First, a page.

I’m back at regenerating socks from the pile in my “Fix” sock basket. I started with somewhere like eight pairs of socks to restore – some needed just heels, others needed full feet. I repaired (replaced heels on) three pairs a number of months ago but there were still five pairs in the basket. I started working on those where I was able to salvage legs only a couple of weeks ago. It’s still worth repairing these socks – the legs are fine and that saves me about a week’s work. The challenge is to come up with variegated yarn that kind of fits in with the original pattern. So far, I’ve done rather well.
Here’s the first pair I completed ten days ago. They were delivered back to the owner who thought they looked familiar but didn’t remember giving them to me for repairs.
Resurrected Socks 1
This is the second pair I finished last evening. It took six days to reknit the feet and the yarn I used works quite well.
Resurrected Socks 2
I’ve started on the third pair of legs – that will leave me two pairs that need just heels – they won’t take a lot of time. I’m probably not going to work on those immediately, however. I want to continue building up the stash of new socks – Christmas is coming and I’ll want to give some socks as gifts.
Finished this pair a couple of days ago. They’re for my chiropractor who did me a wonderful favour. I thought a pair of bright socks was a reasonable thank you.
I did think about keeping them for myself as I was knitting them, but after making the foot long enough for a man’s size 9-10 shoe they are definitely a gift.
I think he’s confident enough to proudly wear bright red/grey/black socks. He’ll appreciate them in the middle of winter. Right now it’s 30+ C and very humid. Wool socks are very far from anybody’s mind right now – except for me who happens to be knitting them in the evening.
Finished last evening. Completed the previous new pair on May 14 – however, between working on that pair and this pair I reconstructed two pair of worn socks. So the time frame is consistent – about two weeks (25 hours) to knit a pair of socks.
I found the colour combination satisfying to work with. I don’t think I have another ball in the yarn stash that will knit into this pattern (the previous pair was the same as this just with different colours).
Have to say, I’ve set this pair aside – they might go into my sock drawer. I have a couple of turquoise wool sweaters they’d look good with….
Finished restoring a second pair of socks yesterday. Same process as the first pair – because the heel flap was still unworn I just needed to replace the heel turning and to reinforce an area of the instep just in front of the heel.
2nd Pair of Restored Socks
I had some closely matching yarn in my stash so you can hardly tell where the reconstruction happened. I did use a slightly different colour for the reinforcing stitching – otherwise I can’t see where I’m stitching!
Close-up showing reinforcing of instep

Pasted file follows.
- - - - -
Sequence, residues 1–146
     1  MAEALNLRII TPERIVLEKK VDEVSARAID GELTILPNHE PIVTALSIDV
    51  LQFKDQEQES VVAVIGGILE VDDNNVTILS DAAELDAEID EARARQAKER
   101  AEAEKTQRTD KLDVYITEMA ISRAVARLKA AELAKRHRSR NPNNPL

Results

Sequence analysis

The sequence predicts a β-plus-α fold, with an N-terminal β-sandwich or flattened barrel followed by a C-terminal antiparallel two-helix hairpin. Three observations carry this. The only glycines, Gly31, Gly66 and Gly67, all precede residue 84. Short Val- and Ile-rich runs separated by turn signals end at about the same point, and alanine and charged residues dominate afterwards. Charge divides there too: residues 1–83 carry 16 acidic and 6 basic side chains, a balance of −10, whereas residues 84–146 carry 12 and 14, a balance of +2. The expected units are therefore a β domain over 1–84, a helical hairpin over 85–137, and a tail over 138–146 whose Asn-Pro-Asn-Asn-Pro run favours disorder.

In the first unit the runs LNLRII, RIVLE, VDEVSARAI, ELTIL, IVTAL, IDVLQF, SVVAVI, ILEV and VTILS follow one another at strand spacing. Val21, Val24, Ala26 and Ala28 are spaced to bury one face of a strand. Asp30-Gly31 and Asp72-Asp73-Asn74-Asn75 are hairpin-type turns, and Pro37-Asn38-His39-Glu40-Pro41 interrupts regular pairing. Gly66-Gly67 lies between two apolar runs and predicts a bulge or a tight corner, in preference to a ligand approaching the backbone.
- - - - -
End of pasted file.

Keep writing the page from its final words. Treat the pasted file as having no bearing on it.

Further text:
Once this pair was done, I started work on a new pair of socks in shades of turquoise/grey/white.
I completed the restoration of this pair of socks yesterday. The back of the heel – the heel flap – was intact (often there’s a lot of wear along that part of the heel but in this pair that wasn’t the case). The problem was with the bottom of the heel and the wear into the instep. Replacing just the heel wasn’t an option because I had nothing to graft onto in the instep. So I decided to redo just the bottom of the heel and to reinforce the weakened area of the instep so I could attach the heel to something solid.
The restoration has turned out rather well. I had matching yarn so the reknitting of the heel bottom blends into the heel flap. I probably should have looked for scraps of yarn that blended with the instep a bit better but it’s under the foot and won’t show when the socks are being worn.
Worn heel bottom and instep
Here you can see the problem – the heel flap is solid (the sock in behind and below the needle) but the heel turning and the instep are both weakened and worn through. I could cut out the entire heel and reknit the instep but that’s more work than the restoration warrants so I’ll do what I did with the previous pair: I’ll reinforce the weakened spots in the instep by oversewing the existing instep stitches, then salvage the heel flap and reknit the heel turning. Otherwise these socks are in good shape; worth refurbishing and keeping in a sock drawer.
Finished these socks last evening. They were soothing to work on – enough gradual changed in the unfolding pattern to keep them interesting.
I should really now return to a couple of sock repairs – there are still five pairs of socks in the repair basket wanting attention. Maybe I’ll work on one before returning to new yarn.
I have to say I haven’t really enjoyed knitting these socks. The yarn was lovely in the hand, but the colours weren’t ones I’d have chosen to work with. Furthermore, the skein had the darker green at one end and the strong yellow at the other, graduated from one to the other with more green than yellow.
Green & Yellow Socks
What I did was ball the skein, then separate the yarn into smaller balls of the various colours. What I didn’t account for was the fact that I should have halved each small ball and reserved the second set for the second sock. However, I didn’t do that so there was no way I was going to be able to make two socks that matched.
I kept swapping yarn at somewhat random intervals, sort of matching the colour flow from the first sock to the second.
The yarn before I started knitting – I began the cuff with the teal colour – shouldn’t have done that – it kind of blends but a green cuff would have worked out better.
Green & Yellow Yarn
I did have someone in mind while I was knitting them. Sometime in the next couple of days I’ll put them in the mail to her.